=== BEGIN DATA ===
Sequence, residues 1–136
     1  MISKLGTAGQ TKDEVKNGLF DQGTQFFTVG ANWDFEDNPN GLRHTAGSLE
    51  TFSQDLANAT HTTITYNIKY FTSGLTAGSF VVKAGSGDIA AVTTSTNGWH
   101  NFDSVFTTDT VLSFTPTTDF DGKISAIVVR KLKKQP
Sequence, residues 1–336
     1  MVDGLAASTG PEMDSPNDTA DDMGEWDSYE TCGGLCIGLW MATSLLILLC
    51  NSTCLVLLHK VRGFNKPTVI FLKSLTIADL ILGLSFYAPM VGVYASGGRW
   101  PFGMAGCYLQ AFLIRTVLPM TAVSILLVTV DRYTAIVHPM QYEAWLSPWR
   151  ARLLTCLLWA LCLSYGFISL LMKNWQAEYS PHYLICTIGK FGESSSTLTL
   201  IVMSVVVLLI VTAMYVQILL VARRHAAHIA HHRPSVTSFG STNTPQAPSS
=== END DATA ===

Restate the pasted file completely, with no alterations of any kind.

Sequence, residues 1–136
     1  MISKLGTAGQ TKDEVKNGLF DQGTQFFTVG ANWDFEDNPN GLRHTAGSLE
    51  TFSQDLANAT HTTITYNIKY FTSGLTAGSF VVKAGSGDIA AVTTSTNGWH
   101  NFDSVFTTDT VLSFTPTTDF DGKISAIVVR KLKKQP
Sequence, residues 1–336
     1  MVDGLAASTG PEMDSPNDTA DDMGEWDSYE TCGGLCIGLW MATSLLILLC
    51  NSTCLVLLHK VRGFNKPTVI FLKSLTIADL ILGLSFYAPM VGVYASGGRW
   101  PFGMAGCYLQ AFLIRTVLPM TAVSILLVTV DRYTAIVHPM QYEAWLSPWR
   151  ARLLTCLLWA LCLSYGFISL LMKNWQAEYS PHYLICTIGK FGESSSTLTL
   201  IVMSVVVLLI VTAMYVQILL VARRHAAHIA HHRPSVTSFG STNTPQAPSS